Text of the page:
Given 1985 points inside a unit cube, prove that precisely 32 of these points can be chosen in such a way that every closed polygon (possibly degenerate) with these points as vertices has perimeter less than 8√3
This looks like one of those pigeon-hole problems. So take 1985-1=1984. Since we are looking at a cube, factor 1984 into 31*4^3. Divide the cube into 4^3=64 subcubes.
At least one of the subcubes has at least 32 of the 1985 points. 1984 points can avoid this by having 31 points in each subcube, as implied the factorization of 1984. Choose a subcube with 32 (or more) points.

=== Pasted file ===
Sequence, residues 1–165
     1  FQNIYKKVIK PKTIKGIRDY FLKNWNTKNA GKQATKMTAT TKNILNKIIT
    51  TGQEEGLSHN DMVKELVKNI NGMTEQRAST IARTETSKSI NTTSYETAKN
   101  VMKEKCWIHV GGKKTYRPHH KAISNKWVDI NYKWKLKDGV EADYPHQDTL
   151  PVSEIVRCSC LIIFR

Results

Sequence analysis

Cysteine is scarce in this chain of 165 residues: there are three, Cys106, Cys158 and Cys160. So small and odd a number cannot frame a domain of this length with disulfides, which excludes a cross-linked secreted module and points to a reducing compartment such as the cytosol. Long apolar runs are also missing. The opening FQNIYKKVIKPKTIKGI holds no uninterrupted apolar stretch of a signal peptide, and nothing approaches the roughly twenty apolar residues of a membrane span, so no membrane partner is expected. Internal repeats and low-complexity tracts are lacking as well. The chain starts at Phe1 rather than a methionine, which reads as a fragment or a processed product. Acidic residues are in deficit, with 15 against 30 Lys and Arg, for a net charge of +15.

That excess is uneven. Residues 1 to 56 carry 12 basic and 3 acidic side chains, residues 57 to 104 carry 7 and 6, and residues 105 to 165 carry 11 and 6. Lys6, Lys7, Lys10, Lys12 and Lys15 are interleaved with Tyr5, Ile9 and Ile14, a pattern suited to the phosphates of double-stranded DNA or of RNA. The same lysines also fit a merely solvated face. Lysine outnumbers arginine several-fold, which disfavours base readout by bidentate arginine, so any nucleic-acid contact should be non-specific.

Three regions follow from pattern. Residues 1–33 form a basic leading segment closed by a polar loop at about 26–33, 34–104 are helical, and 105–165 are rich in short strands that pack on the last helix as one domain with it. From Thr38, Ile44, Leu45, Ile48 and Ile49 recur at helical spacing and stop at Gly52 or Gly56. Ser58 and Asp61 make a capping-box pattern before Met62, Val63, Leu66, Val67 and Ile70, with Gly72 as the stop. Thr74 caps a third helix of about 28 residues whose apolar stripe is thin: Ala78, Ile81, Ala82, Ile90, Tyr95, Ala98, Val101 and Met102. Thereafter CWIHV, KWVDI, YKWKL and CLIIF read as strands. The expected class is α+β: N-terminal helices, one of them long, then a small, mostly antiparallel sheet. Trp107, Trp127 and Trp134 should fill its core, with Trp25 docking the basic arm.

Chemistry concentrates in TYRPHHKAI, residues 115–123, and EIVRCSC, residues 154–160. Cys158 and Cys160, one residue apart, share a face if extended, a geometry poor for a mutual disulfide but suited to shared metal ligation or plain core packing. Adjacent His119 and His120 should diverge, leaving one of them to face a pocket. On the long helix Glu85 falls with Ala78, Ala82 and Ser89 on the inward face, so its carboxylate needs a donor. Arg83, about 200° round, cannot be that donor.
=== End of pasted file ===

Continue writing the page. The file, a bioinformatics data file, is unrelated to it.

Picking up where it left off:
The furthest apart two points can be in the subcube is sqrt(3)/4 units, occuring when the points occupy opposite corners. 32*sqrt(3)/4 = 8*sqrt(3).
With all the points distinct, most of the individual distances will be less than sqrt(3)/4. Therefore every closed polygon (possibly degenerate) with these 32 points as vertices has perimeter less than 8*sqrt(3).